Ethical Consulting in Education

There are hundreds of educational consultants who deliver workshops, training, and professional development for teachers, administrators, and other educators. Anyone who has worked both as a public educator and as a consultant has doubtless felt the tension between working in public service and working for yourself, even if both ultimately benefit students and their learning.

How can you work for yourself, seeking to maximize income and opportunity, while also serving the public good in an ethical way? I believe you can. Here’s how.

1. Give knowledge away.
Educational consultants are different from consultants in other industries, because in education, everyone works for the students. For this reason, it’s unethical to hoard knowledge, to keep good ideas a secret, and to benefit only your paying clients – because students are the real clients. Give away good ideas so they can spread. In the age of the internet, there are really no secrets anyway. You are not in the business of selling information; you’re in the business of helping other professionals change their practice. That’s why you can’t be replaced by a book or a photocopied packet of handouts. Talk, blog, tweet, and share – your work will only become more valuable as you get feedback and gain publicity.

2. Charge what the market will bear.
You may be one of 50 consultants offering professional development on differentiated instruction, and you may charge 10 times as much as others. If you do, and you’re in demand, there must be a reason people value your work so highly. If you choose to work less and spend more time developing your ideas, volunteering, or enjoying your family, it’s OK to make up the difference by charging more per hour or per day. In public education, we’re taught to think that everyone is worth a fixed hourly rate as determined by the district salary schedule, but when you work independently on behalf of students, that’s not the case.

If you are having an impact on the work of other professionals, and they find it worthwhile to pay more than you think you should earn for a day’s work, don’t hesitate. Consultants don’t get paid for each day they work (after all, planning, research, and drumming up business are all work), so it’s essential to charge more per day of consulting work than you’d earn in a day’s work as a full-time employee. Having said that, there’s also nothing wrong with working pro bono for organizations that have found a place in your heart.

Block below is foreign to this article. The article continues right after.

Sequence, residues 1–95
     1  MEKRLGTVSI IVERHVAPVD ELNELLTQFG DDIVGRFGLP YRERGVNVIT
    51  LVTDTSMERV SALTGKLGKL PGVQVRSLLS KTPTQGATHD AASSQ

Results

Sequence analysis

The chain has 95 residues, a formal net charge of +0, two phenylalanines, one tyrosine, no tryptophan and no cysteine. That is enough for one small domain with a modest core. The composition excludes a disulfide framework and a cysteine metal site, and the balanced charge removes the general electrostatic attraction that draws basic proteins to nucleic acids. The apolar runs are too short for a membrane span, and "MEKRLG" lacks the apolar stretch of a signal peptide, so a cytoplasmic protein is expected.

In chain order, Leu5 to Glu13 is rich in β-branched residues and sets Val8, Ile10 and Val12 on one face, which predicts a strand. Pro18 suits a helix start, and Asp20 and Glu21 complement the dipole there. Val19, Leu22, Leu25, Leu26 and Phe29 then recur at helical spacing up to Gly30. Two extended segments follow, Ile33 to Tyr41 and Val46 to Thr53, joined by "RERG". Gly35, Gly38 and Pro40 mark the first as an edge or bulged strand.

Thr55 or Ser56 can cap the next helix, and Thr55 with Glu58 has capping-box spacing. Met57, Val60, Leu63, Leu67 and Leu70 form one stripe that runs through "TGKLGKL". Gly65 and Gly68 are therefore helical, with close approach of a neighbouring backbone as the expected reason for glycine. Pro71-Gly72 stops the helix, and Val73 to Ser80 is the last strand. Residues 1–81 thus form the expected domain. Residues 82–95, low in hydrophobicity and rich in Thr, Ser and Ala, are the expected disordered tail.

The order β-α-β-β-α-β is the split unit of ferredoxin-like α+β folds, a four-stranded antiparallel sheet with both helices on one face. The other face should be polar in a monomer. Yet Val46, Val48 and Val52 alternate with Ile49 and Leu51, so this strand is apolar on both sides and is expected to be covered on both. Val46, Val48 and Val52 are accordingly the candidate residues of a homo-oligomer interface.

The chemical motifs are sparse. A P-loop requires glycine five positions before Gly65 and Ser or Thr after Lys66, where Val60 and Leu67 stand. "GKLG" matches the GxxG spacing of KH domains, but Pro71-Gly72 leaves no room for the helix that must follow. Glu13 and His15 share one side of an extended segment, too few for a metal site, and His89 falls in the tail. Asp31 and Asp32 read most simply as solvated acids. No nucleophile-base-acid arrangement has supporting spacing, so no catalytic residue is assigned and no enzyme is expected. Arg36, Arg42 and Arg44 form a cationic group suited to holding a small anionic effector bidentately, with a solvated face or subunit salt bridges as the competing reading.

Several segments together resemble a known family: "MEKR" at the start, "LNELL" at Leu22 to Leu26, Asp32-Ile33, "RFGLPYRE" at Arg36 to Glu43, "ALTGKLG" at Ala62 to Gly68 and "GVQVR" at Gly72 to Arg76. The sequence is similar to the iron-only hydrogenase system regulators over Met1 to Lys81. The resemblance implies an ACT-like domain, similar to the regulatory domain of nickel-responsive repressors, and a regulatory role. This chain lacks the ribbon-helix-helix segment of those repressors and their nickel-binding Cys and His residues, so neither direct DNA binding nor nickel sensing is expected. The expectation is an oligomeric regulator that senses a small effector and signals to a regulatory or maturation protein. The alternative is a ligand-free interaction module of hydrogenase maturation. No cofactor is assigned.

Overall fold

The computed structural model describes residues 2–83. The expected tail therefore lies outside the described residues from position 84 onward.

3. Don’t BS practitioners.
When you are talking about the work rather than doing the work, it’s easy and tempting to make things sound easier than they are, or to gloss over the concerns and struggles of the people you are trying to help. Instead, listen. Acknowledge that professional practice as an educator is always challenging, and don’t pretend everything is/was always easy for you when working as a school staff member.

What would you add to this list?

Courting Middle Class Parents

Today’s Seattle Times has an article by education report Emily Heffter on the increasing emphasis the Seattle School District is placing on middle-class families. Superintendent Maria Goodloe-Johnson, however, says the district is not actively trying to recruit parents away from private schools:

Superintendent Maria Goodloe-Johnson said improving the quality and rigor at schools may draw more families back, but that’s not her focus.

“How about, let’s provide the best possible instruction for the kids who are here?” she said. “Part of the market-share issue is about parents not believing that the quality currently exists.” link

Several school board members, including both incumbents and newly elected members, do seem to be considering ways to reach out to middle-class families. In a district where around 25% of students go to private school, the financial and social-capital impact of a lack of confidence in public schools by middle- and upper-class parents is immense.

As Heffter points out, consistency and predictability are major concerns. While many parents want to send their children to public schools, they are wary of being assigned to a school they find less than optimal, or of being assigned to a decent school but a sub-par teacher. Many opt for private schools that offer a higher level of consistency and predictability, even if they lack certificated teachers or special programs such as sports.

The district’s forthcoming student assignment plan may address the predictability issues, because it will increase the chance that students will get into a short list of neighborhood schools. Middle- and upper-class parents are generally in favor of an assignment plan that guarantees admission to a neighborhood school, because this enables them to choose which neighborhood to live in based on the (perceived) quality of the local schools.

The current assignment plan provides transportation to schools in other neighborhoods in order to increase access for students from disadvantaged populations. Since residential segregation is a reality in nearly every major city, allowing students to leave their neighborhood to attend school is a common way districts address issues of uneven school quality and inequity.

However, busing students is unpopular because it’s expensive and time-consuming. Students may have to ride 40 minutes or an hour each way on school bus routes that, in the aggregate, cost millions of dollars a year to operate. Since busing is ultimately a workaround and is a tacit admission that some schools are sub-par, the district is directly addressing the underlying issue: the need for every school to be an excellent school.

New district leadership, both on the board and in the Superintendent’s office, will be facing these challenges head-on in the coming months and years.

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